1. Combine the cashews with enough water to cover in a small saucepan. Cover, bring to a boil and cook for 5 minutes. Set aside for 5 minutes, then drain and rinse. Transfer the cashews to a small blender. Add the milk, lemon juice and salt. Blend until it is as smooth as possible. If not using right away, transfer to an airtight container and keep refrigerated.
— Recipe by Zsu Dever, “Vegan Bowls”
TOMATO BLACK BEAN SOUP (Sopa Tarasca)
This soup, named after the Tarascos people of Michoacán, is a soulful blend of black beans, onions, garlic, tomatoes and chiles. Like many of the best Mexican soups, it’s comfort food that can easily be upgraded with a variety of garnishes. If you want to kick up the heat, add a small handful of chiles de árbol to the mix. — Jason Wyrick
Makes 6 servings
3 Roma tomatoes, coarsely chopped
1 ancho chile, stemmed and seeded
1½ cups water
3 cloves garlic
½ medium white onion, coarsely chopped
1 to 2 tablespoons corn oil
4 cups cooked black beans, puréed
2½ cups vegetable broth
1 teaspoon salt
Fried ancho chile strips
Tortilla chips or strips
Chopped ripe Hass avocado
Vegan sour cream, whipped vigorously
1. In a 3-quart pot, combine the tomatoes, ancho and water, and simmer over medium heat for about 10 minutes. Transfer the tomatoes, ancho and water to a blender and wipe out the pot. Add the garlic and onion to a blender and purée until smooth. (Press the purée through a strainer if you want it completely smooth.)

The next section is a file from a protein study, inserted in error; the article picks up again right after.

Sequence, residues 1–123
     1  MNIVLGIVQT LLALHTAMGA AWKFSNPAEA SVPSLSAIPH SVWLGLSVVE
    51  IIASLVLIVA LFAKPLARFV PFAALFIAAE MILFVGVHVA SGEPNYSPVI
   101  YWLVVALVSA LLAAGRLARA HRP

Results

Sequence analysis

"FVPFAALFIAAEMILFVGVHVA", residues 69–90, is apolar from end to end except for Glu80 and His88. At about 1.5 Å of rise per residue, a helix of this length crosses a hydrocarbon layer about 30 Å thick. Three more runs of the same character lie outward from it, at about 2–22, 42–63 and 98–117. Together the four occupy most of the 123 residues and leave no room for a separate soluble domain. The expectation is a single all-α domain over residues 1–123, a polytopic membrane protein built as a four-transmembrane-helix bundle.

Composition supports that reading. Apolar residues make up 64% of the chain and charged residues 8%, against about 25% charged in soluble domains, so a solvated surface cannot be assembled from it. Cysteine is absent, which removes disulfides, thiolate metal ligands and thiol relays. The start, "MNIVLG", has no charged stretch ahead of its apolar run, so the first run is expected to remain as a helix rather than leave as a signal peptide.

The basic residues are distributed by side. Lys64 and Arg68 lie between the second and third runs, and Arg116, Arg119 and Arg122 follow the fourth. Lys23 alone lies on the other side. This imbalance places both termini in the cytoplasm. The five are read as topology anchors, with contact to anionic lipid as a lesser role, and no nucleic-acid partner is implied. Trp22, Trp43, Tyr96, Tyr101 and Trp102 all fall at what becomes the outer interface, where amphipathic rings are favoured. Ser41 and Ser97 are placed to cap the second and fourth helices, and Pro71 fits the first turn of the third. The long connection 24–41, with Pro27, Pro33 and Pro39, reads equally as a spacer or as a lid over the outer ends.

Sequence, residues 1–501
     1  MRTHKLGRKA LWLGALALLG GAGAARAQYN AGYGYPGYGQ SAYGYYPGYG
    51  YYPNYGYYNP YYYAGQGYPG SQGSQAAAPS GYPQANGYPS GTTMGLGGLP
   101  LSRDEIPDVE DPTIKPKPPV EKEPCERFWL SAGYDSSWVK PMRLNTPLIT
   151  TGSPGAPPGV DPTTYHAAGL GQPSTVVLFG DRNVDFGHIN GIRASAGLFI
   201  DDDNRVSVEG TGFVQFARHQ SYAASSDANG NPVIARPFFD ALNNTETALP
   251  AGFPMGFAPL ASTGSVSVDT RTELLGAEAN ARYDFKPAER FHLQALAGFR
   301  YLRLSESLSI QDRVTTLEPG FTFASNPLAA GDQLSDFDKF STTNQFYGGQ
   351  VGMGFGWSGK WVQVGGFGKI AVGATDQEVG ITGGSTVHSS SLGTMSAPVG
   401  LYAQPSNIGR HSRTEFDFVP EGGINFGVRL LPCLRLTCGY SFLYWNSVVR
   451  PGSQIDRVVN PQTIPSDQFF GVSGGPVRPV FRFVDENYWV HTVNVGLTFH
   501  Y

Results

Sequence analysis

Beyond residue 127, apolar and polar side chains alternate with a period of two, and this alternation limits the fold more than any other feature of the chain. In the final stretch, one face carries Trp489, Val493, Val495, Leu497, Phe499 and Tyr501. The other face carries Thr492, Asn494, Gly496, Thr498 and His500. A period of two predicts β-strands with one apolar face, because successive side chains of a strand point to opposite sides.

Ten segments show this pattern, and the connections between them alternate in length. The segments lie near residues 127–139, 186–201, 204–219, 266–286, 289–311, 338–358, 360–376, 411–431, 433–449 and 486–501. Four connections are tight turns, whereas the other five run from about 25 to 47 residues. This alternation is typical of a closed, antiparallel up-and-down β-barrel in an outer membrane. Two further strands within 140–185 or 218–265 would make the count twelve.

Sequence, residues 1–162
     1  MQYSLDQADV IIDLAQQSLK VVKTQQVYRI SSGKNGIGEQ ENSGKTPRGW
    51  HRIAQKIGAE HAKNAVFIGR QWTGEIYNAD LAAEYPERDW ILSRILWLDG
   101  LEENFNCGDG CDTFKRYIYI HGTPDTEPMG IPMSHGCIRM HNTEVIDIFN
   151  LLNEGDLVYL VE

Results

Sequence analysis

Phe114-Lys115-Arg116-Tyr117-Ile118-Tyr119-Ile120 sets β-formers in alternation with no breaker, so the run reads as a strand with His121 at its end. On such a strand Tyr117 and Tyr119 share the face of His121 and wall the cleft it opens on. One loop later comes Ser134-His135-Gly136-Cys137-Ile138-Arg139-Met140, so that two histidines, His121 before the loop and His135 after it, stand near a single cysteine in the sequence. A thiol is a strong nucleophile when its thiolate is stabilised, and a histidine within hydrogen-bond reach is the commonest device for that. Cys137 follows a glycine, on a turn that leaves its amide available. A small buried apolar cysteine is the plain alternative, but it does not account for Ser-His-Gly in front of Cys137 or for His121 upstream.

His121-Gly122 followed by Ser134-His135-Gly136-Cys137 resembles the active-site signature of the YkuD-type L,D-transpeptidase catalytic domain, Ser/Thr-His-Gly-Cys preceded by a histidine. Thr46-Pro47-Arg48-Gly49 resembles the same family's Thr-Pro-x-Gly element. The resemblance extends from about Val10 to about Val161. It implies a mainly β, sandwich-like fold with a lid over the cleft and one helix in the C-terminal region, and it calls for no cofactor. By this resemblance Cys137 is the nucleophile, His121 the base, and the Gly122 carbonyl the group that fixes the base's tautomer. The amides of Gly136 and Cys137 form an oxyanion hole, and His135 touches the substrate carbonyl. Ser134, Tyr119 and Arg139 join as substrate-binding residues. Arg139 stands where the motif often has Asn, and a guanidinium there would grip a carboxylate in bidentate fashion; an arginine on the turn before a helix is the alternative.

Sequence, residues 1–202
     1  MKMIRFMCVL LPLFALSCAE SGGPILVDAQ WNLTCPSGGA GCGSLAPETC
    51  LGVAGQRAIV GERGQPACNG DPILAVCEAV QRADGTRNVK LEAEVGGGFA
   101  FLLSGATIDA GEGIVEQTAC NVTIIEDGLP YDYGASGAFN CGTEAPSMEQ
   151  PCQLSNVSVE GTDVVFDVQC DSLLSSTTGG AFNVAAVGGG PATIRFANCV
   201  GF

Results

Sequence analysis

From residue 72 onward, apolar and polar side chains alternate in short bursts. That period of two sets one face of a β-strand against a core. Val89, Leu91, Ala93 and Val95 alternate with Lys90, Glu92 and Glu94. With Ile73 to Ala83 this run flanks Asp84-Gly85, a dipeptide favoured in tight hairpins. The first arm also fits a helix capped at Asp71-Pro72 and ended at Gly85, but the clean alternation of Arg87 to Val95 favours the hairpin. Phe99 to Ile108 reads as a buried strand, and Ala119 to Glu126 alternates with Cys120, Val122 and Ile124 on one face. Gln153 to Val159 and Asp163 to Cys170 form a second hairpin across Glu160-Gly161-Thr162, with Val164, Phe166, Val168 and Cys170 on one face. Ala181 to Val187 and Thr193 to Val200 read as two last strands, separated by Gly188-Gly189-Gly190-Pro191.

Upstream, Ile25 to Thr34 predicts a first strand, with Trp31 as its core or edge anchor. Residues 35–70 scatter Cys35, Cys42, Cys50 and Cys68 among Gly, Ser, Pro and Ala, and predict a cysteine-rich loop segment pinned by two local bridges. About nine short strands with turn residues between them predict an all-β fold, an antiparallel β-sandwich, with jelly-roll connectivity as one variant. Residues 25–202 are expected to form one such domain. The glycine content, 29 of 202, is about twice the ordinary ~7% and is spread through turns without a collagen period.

2. Add the oil to the pot and heat over medium-high heat. Add the purée and cook for about 5 minutes, slowly stirring. Reduce the heat to medium and add the puréed beans, vegetable broth and salt. Simmer the soup for 10 minutes. Add liquid if necessary to ensure the soup is creamy but not incredibly thick. Serve with any or all of the garnishes.
— Recipe by Jason Wyrick, “Vegan Mexico”/Vegan Heritage Press
PIRATE TACOS (Tacos Piratas)
These tacos are from Monterrey and proudly show their northern heritage, much like their sister taco, the taco gringa, fashioned from flour tortillas and melted cheese. They’re most commonly served after hours, intended to quell the late-night munchies after a night of bar hopping and cervezas. — Jason Wyrick
Makes 4 tacos
1 tablespoon corn or olive oil
2 large portobello mushrooms, rinsed, patted dry, and chopped into 1-inch pieces, or 2 cups meatless strips
1 poblano chile, finely chopped
½ teaspoon salt
½ teaspoon freshly ground black pepper
¾ cup shredded vegan white cheese
4 (5 to 6-inch) flour tortillas, brushed with oil on one side
1 ripe Hass avocado, pitted, peeled, and coarsely chopped
1 small white onion, minced
¼ cup finely chopped fresh cilantro
1 lime, cut into 4 wedges, for serving
Salsa of your choice, for serving
1. Heat a large skillet at just above medium heat, then add the oil. Add the mushrooms (or meatless strips), poblano, salt and pepper, and cook for 5 to 6 minutes, stirring occasionally.
2. While the mushroom mixture is cooking, heat a griddle over medium heat. Spread the vegan cheese on each tortilla on the unbrushed side, then divide the mushroom filling among the 4 tortillas. Add the avocado, onion and cilantro, and fold the tortillas in half. Lay them on the griddle and cook until browned. Flip the tortillas and repeat. Serve with lime wedges and salsa.
— Recipe by Jason Wyrick, “Vegan Mexico”/Vegan Heritage Press
Jessica Rodrigo 918-581-8482